Customer Question: “How can I cook chops without a grill?”
Grills are fun but lamb and goat chops can be easily broiled, baked or roasted in your oven. And although, this recipe features rib chops, goat and lamb loin chops can also be prepared this way. It might be fun to mix some of each (such as both goat and lamb rib chops and/or loin chops) but be aware of the different cooking time requirements between size and thickness. Trust your meat thermometer especially when mixing sizes as overcooking will result in a tough and dry chop. Do not be afraid of rare or medium-rare lamb or goat meat. This is not a pork or beef product and cooking methods may be different.
Goat or lamb rib chops are small and delicate, with little rounds of meat near the end of the bone (like meat on a stick). They could easily be called a finger food for informal dining. The meat is quite lean so they cook fast. There’s no need to trim the fat cap, the lip of fat that runs around the outer rim of each chop. This extra fat will protect the delicate meat and help retain moisture. Remove the fat when served if desired but remember, the fat from grass-fed meat is healthy, and in our opinion a shame to discard. If your meat truly comes from grass fed animals the fat should taste clean and light with no strong after tastes.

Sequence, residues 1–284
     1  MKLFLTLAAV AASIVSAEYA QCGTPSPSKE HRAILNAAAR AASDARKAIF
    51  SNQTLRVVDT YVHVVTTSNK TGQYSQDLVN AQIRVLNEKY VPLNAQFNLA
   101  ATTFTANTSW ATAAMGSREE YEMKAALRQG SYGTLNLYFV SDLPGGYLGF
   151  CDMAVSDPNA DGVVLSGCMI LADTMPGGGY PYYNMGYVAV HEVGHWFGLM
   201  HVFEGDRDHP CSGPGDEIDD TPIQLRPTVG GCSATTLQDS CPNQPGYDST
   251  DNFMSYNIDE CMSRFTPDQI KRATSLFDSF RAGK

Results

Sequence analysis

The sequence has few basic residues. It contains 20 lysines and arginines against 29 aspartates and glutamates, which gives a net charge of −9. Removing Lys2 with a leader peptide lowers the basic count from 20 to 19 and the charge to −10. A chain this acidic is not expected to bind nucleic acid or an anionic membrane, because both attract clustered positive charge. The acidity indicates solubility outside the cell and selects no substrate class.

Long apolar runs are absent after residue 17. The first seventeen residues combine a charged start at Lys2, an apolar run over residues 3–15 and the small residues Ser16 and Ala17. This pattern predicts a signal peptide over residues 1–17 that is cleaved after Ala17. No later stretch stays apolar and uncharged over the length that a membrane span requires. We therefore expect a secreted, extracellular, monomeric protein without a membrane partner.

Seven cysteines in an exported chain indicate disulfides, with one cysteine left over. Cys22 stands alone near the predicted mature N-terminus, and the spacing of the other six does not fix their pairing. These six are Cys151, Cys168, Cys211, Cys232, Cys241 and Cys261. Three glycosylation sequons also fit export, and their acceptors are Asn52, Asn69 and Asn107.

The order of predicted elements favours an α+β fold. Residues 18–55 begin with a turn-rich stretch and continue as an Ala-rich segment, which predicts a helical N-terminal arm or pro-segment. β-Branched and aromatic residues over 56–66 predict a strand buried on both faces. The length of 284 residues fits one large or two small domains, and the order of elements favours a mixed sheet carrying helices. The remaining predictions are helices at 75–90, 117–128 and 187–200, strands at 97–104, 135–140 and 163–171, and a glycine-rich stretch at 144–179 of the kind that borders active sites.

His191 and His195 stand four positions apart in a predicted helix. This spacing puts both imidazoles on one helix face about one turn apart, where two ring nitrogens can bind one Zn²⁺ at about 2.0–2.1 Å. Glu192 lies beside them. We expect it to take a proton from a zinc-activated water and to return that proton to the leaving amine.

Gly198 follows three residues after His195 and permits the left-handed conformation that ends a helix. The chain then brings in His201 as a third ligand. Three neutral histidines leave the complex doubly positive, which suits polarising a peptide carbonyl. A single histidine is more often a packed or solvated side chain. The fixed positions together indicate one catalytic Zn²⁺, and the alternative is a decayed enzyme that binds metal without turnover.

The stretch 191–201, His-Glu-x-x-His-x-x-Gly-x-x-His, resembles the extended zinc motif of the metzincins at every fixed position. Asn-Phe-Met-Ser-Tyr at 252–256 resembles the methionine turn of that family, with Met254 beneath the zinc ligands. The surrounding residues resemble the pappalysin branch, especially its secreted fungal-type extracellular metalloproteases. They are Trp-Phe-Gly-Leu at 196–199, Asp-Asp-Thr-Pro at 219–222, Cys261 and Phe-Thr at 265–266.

This easy and quick recipe can easily be increased. Estimate approximately 2 chops per serving.
- Set the broiler on high.
- Brush the chops on both sides and edges with olive oil.
- Sprinkle with salt and pepper.
- Broil 4-5 inches from the broiler element. Close the door to the broil position.
- Broil for approximately 5 minutes on each side to 135-140 °F for medium rare.
- Remove to a platter and allow to rest covered lightly with aluminum foil for at least 5 minutes to allow the juices to reabsorb.
- Present with in season summer salad options of your choice.